I arrived to a sunny San Francisco this afternoon, checked into my hotel then visited Moscone Center to pick up my Independent Media credentials. On the walk over I passed by Yerba Buena Gardens.
Next step is the EDAC-sponsored kick-off reception which is a wonderful time to reconnect with EDA and semiconductor colleagues from around the world to reminisce about the good old days of EDA when DAC took up both the North and South Halls of the convention center. Rumor has it that attendance in DAC 2012 is up some 40% from last year, impressive growth.
Where else can you walk up and chat with Art de Geus of Synopsys, or Wally Rhines of Mentor Graphics?
The Chair for DAC spoke some words from a prepared speech (next time speak from the heart), followed by Wally Rhines of Mentor Graphics, who did speak from the heart.
After an hour of networking and finger food it was time for Gary Smith to expound next door to the EDAC reception.
Here are my notes:
Multi-platform based design (Sharon Tan & Gary Smith).
Four hand-outs this year: ESL, EDA, CAD-CAM (still not alphabetized), multi-platform based design.
I Was Wrong – cost $75 million to design the average high-end mobile SoC; way over $50 million.
– Companies came back and said, “Wrong”.
Changes in 2011
– used already developed SW
– used IP with verificatin suites
– fewer total blocks
– costs at $39.8 million, closer to $25 million start-up cost threshold
What is Multi-platform based design?
– use existing platforms
– add new content
– lower costs, up to 40% less than before
– Application platform (last platform, most fluid, has a short lifespan, in house or proprietary,
– Functional platform (base for the SoC, core like ARM or Intel, often 3rd party, no competitive advantage)
– Foundation platform (differentiation starts here, Qualcom Snapdragon or TI OMAP
Example from Audi
– ARM Cortex A9 (functional)
– foundation, Nvidia Tegra 2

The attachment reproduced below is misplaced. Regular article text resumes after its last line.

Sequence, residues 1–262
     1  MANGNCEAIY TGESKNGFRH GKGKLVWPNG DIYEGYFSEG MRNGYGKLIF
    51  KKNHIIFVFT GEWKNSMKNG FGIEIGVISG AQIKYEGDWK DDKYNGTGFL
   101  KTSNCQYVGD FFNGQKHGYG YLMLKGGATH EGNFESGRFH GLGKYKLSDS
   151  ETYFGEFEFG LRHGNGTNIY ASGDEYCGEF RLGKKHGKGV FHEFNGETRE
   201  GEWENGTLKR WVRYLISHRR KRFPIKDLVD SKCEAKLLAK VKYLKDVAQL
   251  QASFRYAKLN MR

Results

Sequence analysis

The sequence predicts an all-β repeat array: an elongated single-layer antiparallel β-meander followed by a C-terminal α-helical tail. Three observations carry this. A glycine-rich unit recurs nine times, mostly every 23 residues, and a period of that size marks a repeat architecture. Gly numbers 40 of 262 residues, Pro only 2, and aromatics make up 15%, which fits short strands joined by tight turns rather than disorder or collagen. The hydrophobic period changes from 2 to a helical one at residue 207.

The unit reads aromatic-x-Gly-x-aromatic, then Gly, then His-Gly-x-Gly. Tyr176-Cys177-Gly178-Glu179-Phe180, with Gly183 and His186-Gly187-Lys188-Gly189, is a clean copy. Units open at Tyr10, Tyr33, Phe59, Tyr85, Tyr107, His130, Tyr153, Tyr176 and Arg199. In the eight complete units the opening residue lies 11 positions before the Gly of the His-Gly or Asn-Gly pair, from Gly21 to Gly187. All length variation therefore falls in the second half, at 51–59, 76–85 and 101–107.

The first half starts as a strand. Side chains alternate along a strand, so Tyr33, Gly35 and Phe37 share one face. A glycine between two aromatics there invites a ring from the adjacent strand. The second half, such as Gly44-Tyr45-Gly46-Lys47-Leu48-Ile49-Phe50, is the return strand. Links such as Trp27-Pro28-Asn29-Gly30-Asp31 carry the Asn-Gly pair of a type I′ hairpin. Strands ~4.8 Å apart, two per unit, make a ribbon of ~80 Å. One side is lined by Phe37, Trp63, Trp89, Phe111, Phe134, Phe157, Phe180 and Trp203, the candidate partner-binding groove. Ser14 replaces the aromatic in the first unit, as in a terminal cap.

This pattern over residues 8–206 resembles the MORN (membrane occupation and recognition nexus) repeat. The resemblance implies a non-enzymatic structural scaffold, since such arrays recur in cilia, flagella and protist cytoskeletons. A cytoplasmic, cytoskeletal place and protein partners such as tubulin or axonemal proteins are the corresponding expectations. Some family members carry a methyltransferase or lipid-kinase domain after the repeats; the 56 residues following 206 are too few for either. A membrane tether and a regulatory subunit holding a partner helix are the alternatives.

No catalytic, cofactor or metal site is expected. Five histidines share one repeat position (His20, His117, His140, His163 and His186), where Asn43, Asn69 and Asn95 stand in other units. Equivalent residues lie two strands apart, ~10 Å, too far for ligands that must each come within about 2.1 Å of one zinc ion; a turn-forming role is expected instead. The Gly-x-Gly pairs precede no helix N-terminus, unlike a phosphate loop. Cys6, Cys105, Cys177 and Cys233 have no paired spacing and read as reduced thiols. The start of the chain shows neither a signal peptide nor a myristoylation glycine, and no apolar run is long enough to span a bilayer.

– Application: differentiator
GPS or GPU
– started out as a new Application Platform
– if popular it becomes less differentiated
Applications Platform – this is where all of the differentiation happens, first into the right application has the biggest advantage, hard to play catch up to leaders
Gary Smith – library development tools are not the same as system tools.
– First ever multi-platform wallchart
– Intel and Microsoft formed the king of all platforms
– IBM created the PC in 1981 however by 1991 Intel was the driver of the PC platform (now the #1 semi company)
EDA 2011 – The Numbers
– 12% growth in 2011 compared to 2010, $4.989B (from $4.453B)
– 2012 predicted at $5.635B
– 2013 $6.035B
ESL – $460M, 75% growth in 2011, driven by Verification
– 1990 at $2M annually
– 2010 $262M
– 2009 $204M
– 2008 $231M
– HLS is grouped into ESL, verification, many-core SW development tools
Silicon Virtual Prototype (SVP)
– The Architect’s Workbench (behavioral level)
– HW prototype
– SW prototype
History of SVP
– 1996 internal SVP
– 1997 to 2007 Power users create own SVP
– 2010 – Upper mainstream using ESL with commercial tools, not internal.
WHere is the SVP flow?
– ESL design entry (Excel spreadsheet)
– SW has a software virtual prototype
– ARchitectect’s workbench (with some connection between ESL and Software Virtual Prototype)
– hand off between Architect Workbench down to Software Virtual Prototype, including validation between Silicon Virtual Prototype and Software Virtual Prototype
SIlicon Virtual Prototypes
– SVP1, the design starts, hw accelerators added, Transactional Modeling Developed. In house plagforms designed.
– SVP 2 – existing RTL blocks inserted, System C blocks synthesized, design comleted, verified, Golden netlist is the output
– COuld be the same team
The Software VIrtual Prototype
– SWVP 1, the Architect’s WOrkbench, used by Arcchitectural team
– SWVP 2, application code written here
– SWVP 3 , firware is written here
– SWVP 4 – product markeing and sales verify design with early customers and prospects
SWVP – four different users, different functions, different specifications, four different price points
– how to get prices above $400 for typical SW buyer
– budgets shifting from EDA to SW departments
DAC – we need to see more embedded and sw people at DAC
The SPICE Numbers
– Jim Hogan created controversy by giving his SPICE market numbers. Cooley published and debate ensued.
– Where are the market share numbers ? (Come buy your report from GSEDA)
– No, you cannot have free SPICE numbers.
Son Casey at age 6 1/2 bullt a 3,803 piece Lego Death Star (recommended age 14).
The 49th annual DAC show looks to be exciting and ever-changing because of the sheer complexity of SoC designs being created and the move towards 28nm and 20nm designs. Stay tuned for a few dozen blog posts on what I learn over the next three days.